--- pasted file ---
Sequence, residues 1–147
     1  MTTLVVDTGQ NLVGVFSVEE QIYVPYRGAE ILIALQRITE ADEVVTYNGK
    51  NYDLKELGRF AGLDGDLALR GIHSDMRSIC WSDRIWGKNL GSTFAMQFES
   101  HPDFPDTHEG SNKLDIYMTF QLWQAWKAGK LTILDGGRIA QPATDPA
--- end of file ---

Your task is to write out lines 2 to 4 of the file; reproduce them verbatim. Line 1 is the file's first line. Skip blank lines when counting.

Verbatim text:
     1  MTTLVVDTGQ NLVGVFSVEE QIYVPYRGAE ILIALQRITE ADEVVTYNGK
    51  NYDLKELGRF AGLDGDLALR GIHSDMRSIC WSDRIWGKNL GSTFAMQFES
   101  HPDFPDTHEG SNKLDIYMTF QLWQAWKAGK LTILDGGRIA QPATDPA